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Private equity investor Leo Hindery: Trump’s “economic miracle” is a mirage

CM: In relation to the 2020 race, what big policy ideas would you like to see Democratic candidates embrace that would address the real unemployment rate? And more generally, the pervasive economic inequality that is still affecting very large swathes of the American population?

LH: Roughly two years ago, we saw the Trump tax plan. I hope our candidates in 2020 will throw it out the window, it should have been thrown out a long time ago. And I hope there will be another tax plan, this one that focuses on the middle class of this country rather than the wealthiest. We still have large pockets of underserved healthcare recipients [for whom], as good as the Obamacare program is, as grateful as we are that it has survived the Republican onslaught, there are still holes, and there’s still millions of women, men, and children who deserve better healthcare than they’re receiving today.

CM: Do you think the Democrats can win on a platform that calls for major increases in taxes on the wealthy, as we’re starting to see from some of the candidates?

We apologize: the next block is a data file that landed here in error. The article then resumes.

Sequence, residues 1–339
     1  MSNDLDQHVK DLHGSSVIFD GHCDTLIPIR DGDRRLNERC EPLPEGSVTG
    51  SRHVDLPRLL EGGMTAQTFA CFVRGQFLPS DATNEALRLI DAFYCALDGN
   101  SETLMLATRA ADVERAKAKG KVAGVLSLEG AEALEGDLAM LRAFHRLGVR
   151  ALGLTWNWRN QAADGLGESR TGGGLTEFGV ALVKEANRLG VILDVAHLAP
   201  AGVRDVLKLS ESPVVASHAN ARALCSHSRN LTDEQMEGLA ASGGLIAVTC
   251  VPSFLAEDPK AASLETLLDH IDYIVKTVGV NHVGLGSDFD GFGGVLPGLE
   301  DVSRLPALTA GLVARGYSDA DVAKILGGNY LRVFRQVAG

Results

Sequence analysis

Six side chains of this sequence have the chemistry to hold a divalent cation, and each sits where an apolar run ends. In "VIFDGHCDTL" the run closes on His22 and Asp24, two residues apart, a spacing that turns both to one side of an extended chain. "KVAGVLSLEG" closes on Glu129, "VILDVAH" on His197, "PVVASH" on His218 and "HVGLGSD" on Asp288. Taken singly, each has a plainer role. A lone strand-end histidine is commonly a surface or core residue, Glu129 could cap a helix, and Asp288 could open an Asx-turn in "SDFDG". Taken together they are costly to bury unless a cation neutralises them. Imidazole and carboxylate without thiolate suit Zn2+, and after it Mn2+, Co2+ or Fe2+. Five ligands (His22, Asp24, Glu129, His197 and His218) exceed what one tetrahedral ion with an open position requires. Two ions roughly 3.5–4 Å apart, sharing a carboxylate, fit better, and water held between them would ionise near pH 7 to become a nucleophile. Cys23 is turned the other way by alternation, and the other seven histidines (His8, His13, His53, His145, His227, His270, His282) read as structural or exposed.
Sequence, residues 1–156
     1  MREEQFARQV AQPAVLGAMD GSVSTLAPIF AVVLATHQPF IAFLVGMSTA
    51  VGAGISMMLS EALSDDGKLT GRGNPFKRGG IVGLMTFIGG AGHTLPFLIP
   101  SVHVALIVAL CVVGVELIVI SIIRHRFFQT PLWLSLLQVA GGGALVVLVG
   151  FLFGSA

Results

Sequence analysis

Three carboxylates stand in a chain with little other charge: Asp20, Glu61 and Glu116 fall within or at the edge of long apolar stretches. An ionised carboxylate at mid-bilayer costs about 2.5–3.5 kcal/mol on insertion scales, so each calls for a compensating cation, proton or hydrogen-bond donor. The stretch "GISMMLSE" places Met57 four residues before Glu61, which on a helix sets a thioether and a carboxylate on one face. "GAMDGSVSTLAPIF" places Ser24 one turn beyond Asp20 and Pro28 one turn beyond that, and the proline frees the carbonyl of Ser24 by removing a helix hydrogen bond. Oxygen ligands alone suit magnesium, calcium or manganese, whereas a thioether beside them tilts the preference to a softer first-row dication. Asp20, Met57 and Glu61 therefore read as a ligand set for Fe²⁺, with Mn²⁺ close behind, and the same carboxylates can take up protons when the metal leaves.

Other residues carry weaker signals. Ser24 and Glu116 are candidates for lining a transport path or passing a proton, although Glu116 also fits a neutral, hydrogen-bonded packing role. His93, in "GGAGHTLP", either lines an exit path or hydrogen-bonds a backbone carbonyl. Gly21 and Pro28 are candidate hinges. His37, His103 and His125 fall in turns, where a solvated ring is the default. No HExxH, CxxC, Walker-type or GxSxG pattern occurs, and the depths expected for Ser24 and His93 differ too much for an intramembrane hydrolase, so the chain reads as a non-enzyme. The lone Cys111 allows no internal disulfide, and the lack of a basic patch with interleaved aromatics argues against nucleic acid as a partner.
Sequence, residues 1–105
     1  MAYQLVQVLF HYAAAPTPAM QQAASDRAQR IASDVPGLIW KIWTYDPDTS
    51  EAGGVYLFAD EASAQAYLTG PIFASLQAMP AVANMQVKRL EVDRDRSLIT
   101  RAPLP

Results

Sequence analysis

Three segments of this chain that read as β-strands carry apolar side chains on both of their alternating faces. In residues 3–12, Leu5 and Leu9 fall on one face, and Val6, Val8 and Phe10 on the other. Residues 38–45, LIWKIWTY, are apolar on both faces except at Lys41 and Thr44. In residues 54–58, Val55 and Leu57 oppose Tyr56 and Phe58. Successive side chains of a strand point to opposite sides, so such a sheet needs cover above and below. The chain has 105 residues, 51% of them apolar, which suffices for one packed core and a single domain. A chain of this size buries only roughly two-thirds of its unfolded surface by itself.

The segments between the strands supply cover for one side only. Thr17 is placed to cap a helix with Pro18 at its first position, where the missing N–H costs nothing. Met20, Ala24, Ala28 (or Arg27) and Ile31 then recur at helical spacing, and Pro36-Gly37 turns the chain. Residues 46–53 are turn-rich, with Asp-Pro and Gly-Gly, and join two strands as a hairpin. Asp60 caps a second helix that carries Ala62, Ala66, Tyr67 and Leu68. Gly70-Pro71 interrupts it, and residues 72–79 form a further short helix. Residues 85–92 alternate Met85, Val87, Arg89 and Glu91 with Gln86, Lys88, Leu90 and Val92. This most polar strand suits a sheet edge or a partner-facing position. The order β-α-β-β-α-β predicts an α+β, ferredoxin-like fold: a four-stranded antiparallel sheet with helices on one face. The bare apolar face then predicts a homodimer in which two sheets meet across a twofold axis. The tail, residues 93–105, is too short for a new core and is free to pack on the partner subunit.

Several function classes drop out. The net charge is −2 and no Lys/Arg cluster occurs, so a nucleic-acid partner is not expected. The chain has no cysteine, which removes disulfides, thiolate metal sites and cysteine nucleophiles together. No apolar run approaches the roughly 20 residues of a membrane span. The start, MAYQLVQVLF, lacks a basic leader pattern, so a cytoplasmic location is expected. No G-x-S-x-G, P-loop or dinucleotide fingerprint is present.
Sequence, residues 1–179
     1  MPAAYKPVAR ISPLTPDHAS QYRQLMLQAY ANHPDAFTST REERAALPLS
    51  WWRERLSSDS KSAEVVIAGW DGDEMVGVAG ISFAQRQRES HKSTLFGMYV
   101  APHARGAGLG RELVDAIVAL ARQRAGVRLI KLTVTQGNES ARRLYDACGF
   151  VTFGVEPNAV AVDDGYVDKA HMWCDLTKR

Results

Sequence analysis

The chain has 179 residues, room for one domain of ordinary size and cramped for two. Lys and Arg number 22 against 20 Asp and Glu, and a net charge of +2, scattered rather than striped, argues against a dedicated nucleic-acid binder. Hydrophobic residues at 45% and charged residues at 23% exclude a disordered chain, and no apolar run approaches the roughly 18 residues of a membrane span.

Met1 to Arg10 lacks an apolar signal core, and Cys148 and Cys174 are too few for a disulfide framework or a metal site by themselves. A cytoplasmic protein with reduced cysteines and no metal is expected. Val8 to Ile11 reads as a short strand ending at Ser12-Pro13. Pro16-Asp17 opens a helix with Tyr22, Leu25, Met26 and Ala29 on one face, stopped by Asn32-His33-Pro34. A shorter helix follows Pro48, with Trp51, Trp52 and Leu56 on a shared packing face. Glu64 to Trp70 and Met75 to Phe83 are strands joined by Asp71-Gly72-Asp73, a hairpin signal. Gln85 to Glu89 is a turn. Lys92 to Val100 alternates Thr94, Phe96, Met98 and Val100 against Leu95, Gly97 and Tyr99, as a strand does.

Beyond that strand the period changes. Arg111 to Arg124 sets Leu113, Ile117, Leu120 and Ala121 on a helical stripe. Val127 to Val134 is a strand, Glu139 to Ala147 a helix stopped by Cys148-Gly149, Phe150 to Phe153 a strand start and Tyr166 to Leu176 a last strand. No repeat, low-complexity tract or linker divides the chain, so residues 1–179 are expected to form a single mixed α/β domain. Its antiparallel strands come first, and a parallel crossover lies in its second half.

LH: Sure they can. They should. We’ve abandoned the progressive taxation structures of this country that we built our tax code on. Too many of the wealthy of this country have a lesser tax rate than the hard-working middle-class women and men who serve this nation so ably. The sobering statistic that we have to never forget is that about half of this nation’s income is earned by about 3% of our wage earners. And the other half is earned by 97% of our wage earners. The disparity in income, the abuse of income, is indisputable and ne to be a major part of the 2020 campaign for whoever becomes our candidate.

CM: What would you like to see from business leaders in the lead-up to the 2020 election when it comes to economic fairness?

LH: All I ask is that we get back to what stood us in such good stead for fully a century, which is concurrent responsibility on the part of business–not just to shareholders, but to employees, to their communities, to our customers, and if you’re large enough, to the country itself. We have to get rational again in executive compensation, which now is measured in the hundr of times what the average employee makes.

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